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In all my years of wandering I have seen many things, met many people, and have made countless connections. With every interaction and exchange I felt more and more like I was a part of something. I had people all over the globe who had shared a moment in time – however brief or long – with me. Then the internet came along and these connections became even stronger. Now instead of getting a form letter once a year from the guy I met trekking through Nepal, I could see what he had for lunch in Istanbul while I was in California. It was fun at first, but soon I felt my connections start to overwhelm me and I went into sensory overload. Instead of feeling like part of a group, I felt more and more isolated. By constantly being plugged in, I was actually unplugging from reality and what was really important.

San Francisco based filmmaker Tiffany Shlain decided to explore these human connections and the role technology has taken in forging and maintaining relationships and turned it into her documentary, Connected.  While trying to figure out how everything connects, she also delves into her relationship with her father who was dying of brain cancer during filming. With humor and gutso, Shlain takes us on a unique journey you won’t soon forget.

“Have you ever faked a restroom trip to check your email? Slept with your laptop? Or become so overwhelmed that you just unplugged from it all? In this funny, eye-opening, and inspiring film, director Tiffany Shlain takes audiences on an exhilarating rollercoaster ride to discover what it means to be connected in the 21st century,” it says on the Connected site. From learning how to put down your CrackBerry to turning off your technology for one day, everyone can relate to something in this inspiring film.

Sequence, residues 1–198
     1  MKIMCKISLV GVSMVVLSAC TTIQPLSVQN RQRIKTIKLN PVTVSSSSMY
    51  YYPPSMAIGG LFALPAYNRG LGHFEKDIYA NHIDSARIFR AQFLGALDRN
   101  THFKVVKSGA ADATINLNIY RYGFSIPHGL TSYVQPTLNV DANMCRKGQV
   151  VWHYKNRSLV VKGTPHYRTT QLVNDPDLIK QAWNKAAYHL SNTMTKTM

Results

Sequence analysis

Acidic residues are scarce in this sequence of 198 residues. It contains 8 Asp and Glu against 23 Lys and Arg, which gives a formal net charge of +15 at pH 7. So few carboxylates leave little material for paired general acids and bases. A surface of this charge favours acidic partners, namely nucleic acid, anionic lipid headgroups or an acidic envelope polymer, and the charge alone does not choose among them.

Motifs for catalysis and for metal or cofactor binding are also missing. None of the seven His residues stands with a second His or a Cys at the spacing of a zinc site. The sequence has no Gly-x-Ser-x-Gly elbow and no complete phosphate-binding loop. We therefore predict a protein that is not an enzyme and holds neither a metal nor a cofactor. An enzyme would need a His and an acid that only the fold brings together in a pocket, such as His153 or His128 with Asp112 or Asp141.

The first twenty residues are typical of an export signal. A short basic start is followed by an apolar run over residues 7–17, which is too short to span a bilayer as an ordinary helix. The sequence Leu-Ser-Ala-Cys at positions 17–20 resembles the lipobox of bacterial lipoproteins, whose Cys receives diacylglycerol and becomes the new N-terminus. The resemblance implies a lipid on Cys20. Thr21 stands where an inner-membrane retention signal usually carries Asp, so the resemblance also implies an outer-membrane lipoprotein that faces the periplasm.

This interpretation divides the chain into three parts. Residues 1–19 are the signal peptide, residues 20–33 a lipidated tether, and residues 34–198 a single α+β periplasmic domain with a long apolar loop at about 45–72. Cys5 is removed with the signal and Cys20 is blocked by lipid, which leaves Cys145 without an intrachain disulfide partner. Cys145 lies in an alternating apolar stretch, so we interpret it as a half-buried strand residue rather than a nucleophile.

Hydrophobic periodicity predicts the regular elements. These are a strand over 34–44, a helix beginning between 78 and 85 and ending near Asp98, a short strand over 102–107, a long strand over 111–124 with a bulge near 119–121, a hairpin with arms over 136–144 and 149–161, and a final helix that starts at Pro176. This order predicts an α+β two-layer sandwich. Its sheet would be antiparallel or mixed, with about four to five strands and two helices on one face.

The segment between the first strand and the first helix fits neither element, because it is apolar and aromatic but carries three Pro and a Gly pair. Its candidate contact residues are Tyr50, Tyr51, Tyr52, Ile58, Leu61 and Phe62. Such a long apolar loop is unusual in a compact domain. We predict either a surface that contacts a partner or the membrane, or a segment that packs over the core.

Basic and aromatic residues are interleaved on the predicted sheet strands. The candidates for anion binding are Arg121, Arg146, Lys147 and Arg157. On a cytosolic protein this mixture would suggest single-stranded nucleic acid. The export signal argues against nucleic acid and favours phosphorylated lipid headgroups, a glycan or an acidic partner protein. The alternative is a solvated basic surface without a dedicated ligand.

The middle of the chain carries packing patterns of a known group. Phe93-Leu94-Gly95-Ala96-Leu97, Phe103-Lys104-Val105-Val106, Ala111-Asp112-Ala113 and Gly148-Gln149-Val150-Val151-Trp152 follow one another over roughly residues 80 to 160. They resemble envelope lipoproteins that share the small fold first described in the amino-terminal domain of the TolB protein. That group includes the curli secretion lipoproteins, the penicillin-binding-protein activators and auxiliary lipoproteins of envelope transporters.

“Shlain’s love/hate relationship with technology serves as the springboard for a thrilling exploration of modern life…and our interconnected future. Equal parts documentary and memoir, the film unfolds during a year in which technology and science literally become a matter of life and death for the director. As Shlain’s father battles brain cancer and she confronts a high-risk pregnancy, her very understanding of connection is challenged,” the site continues.

Do we turn our back completely on technology or do we learn how to embrace it without letting it overwhelm us? These are questions Shlain raises in her touching documentary.

Connected is playing at select theaters around the country.

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